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Thursday, March 28, 2013
Unfortunately, many of the physicians who are damming radiation treatment for PVNS have some type of association and or financial interest in promoting chemotherapy drugs and trials. I have kindly asked some of these physicians what they are basing there opinions on, and each has declined to provide any type of answer besides a personal opinion.
Nearly a year after making my decision to have external radiation treatment after my first synovectomy....I'm seeing a trend toward more aggressive treatment on the onset of pvns and not waiting until there has been a recurrence. I honestly don't know if this is a good thing or not. Once again only time will tell. Obviously my thoughts were to throw every weapon at it, to kill it off on the initial assault, and so far it has worked for me. I can't say this is the right route for others because there are just too many variables in each case, and I'm not a doctor. The information that I share, are links to empirical studies, otherwise it's just my personal opinion based on my experience, and it should not be taken as medical advice.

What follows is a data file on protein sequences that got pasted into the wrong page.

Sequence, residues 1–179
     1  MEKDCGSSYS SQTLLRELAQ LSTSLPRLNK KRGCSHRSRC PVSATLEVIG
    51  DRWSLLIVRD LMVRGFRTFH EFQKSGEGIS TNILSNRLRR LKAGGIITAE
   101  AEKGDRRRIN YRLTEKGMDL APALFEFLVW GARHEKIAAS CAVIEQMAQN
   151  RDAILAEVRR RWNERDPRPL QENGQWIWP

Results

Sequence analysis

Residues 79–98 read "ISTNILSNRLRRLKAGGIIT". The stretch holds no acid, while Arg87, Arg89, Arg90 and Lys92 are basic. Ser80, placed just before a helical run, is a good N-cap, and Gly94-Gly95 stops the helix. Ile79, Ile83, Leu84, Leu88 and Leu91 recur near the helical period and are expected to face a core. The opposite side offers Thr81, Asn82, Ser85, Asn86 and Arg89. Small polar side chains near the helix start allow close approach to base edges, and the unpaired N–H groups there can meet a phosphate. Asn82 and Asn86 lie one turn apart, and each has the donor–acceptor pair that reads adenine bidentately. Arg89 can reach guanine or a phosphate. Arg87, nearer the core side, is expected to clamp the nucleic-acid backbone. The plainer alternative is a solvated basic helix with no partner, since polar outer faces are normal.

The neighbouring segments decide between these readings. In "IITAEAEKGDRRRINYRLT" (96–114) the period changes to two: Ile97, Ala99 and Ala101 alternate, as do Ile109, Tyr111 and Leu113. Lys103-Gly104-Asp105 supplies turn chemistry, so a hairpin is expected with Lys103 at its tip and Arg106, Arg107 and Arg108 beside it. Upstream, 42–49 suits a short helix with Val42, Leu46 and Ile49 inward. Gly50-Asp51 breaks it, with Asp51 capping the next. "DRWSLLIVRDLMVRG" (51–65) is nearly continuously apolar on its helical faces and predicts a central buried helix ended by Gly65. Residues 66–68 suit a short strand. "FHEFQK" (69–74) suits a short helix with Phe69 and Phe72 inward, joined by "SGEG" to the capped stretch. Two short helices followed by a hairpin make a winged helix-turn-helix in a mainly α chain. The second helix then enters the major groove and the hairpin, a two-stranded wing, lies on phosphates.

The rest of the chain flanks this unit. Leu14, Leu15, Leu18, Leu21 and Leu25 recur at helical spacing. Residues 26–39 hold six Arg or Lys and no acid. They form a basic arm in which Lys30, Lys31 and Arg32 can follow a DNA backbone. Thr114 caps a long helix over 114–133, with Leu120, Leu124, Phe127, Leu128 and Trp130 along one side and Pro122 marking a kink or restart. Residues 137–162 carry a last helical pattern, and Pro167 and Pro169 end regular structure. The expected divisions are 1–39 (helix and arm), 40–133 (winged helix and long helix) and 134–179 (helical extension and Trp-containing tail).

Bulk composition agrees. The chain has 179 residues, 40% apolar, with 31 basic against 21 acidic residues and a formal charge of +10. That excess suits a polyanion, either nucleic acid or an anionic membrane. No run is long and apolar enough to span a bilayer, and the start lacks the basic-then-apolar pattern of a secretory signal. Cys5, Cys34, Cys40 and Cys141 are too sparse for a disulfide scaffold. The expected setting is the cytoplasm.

Friday, March 15, 2013
Click here to read a good article about staph infections.
In 2008 I nearly lost my foot due to a MRSA (staph) infection that entered through a tiny scratch. You may realize that the hospital is a harbor for life and limb threatening bacteria, but have you thought about how they could find their way into your body?
First of all, studies show 25-30% of people in the general population carry staph without any signs or symptom and this statistic is much higher in hospital personnel.